Germanium

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Germanium (play /ərˈmniəm/ jər-MAY-nee-əm) is a chemical element with the symbol Ge and atomic number 32. It is a lustrous, hard, grayish-white metalloid in the carbon group, chemically similar to its group neighbors tin and silicon. Germanium has five naturally occurring isotopes ranging in atomic mass number from 70 to 76. It forms a large number of organometallic compounds, including tetraethylgermane and isobutylgermane.

Germanium was discovered comparatively late because very few minerals contain it in high concentration. Germanium ranks near fiftieth in relative abundance of the elements in the Earth's crust. In 1869, Dmitri Mendeleev predicted its existence and some of its properties based on its position on his periodic table and called the element eka-silicon. Nearly two decades later, in 1886, Clemens Winkler found it in the mineral argyrodite. Winkler found that experimental observations agreed with Mendeleev's predictions and named the element after his country, Germany.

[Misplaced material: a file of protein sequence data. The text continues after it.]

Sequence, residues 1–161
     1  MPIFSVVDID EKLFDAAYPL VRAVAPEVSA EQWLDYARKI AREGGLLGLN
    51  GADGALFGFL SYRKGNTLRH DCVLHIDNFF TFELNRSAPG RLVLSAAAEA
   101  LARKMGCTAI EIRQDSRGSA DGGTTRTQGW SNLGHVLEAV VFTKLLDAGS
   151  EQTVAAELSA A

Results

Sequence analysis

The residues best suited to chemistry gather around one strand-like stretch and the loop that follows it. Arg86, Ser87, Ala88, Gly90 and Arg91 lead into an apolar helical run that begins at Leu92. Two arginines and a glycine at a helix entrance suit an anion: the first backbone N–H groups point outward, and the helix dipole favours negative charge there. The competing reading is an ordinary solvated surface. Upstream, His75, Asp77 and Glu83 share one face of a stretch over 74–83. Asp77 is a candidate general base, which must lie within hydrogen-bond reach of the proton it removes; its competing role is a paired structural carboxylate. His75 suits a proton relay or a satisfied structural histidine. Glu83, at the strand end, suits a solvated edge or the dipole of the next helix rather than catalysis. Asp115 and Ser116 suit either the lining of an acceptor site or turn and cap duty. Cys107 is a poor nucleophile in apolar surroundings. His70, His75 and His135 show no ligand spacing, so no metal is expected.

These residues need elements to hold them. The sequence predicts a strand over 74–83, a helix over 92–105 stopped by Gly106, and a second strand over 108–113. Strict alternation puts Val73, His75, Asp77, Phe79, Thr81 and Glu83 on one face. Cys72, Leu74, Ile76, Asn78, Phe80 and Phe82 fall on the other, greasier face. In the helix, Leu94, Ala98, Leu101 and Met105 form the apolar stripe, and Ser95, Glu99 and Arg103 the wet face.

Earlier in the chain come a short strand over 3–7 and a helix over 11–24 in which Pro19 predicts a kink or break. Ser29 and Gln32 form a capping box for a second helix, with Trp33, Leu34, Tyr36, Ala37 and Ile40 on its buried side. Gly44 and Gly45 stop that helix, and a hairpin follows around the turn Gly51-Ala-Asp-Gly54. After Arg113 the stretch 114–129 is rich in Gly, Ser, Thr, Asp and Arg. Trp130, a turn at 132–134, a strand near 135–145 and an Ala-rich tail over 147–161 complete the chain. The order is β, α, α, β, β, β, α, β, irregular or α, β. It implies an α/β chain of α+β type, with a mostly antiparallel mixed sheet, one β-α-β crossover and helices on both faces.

Germanium is an important semiconductor material used in transistors and various other electronic devices. Its major end uses are fiber-optic systems and infrared optics, but it is also used for polymerization catalysts, and in electronics and solar cell applications. It is finding a new use in nanowires.

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